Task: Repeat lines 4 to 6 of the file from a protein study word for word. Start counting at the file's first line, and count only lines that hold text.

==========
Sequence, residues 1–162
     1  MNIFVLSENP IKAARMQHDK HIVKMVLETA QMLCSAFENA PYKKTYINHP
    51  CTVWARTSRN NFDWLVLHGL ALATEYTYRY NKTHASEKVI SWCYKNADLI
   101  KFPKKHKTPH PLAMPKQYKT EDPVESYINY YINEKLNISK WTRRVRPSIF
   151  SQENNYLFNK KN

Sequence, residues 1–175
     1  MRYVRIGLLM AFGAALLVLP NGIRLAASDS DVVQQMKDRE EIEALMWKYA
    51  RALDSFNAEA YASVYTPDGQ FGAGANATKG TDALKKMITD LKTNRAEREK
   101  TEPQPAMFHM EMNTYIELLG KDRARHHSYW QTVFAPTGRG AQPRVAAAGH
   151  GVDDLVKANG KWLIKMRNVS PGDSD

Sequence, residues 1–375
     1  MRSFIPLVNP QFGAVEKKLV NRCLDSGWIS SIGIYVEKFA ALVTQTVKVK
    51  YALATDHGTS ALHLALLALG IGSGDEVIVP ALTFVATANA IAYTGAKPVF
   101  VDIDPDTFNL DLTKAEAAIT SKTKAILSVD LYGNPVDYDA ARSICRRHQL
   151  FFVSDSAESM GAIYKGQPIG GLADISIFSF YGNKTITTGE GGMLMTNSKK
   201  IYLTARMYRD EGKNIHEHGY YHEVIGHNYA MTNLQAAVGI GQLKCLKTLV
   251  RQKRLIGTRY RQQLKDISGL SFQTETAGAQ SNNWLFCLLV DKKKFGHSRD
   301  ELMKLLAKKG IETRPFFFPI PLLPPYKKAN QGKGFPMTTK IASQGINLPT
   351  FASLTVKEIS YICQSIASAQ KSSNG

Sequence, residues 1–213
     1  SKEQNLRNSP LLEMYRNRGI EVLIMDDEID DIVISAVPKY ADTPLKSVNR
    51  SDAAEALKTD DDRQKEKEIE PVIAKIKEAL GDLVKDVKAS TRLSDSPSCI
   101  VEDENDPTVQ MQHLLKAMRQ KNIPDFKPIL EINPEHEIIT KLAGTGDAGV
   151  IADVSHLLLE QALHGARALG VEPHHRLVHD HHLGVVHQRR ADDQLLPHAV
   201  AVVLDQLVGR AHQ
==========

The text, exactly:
   101  KFPKKHKTPH PLAMPKQYKT EDPVESYINY YINEKLNISK WTRRVRPSIF
   151  SQENNYLFNK KN

Sequence, residues 1–175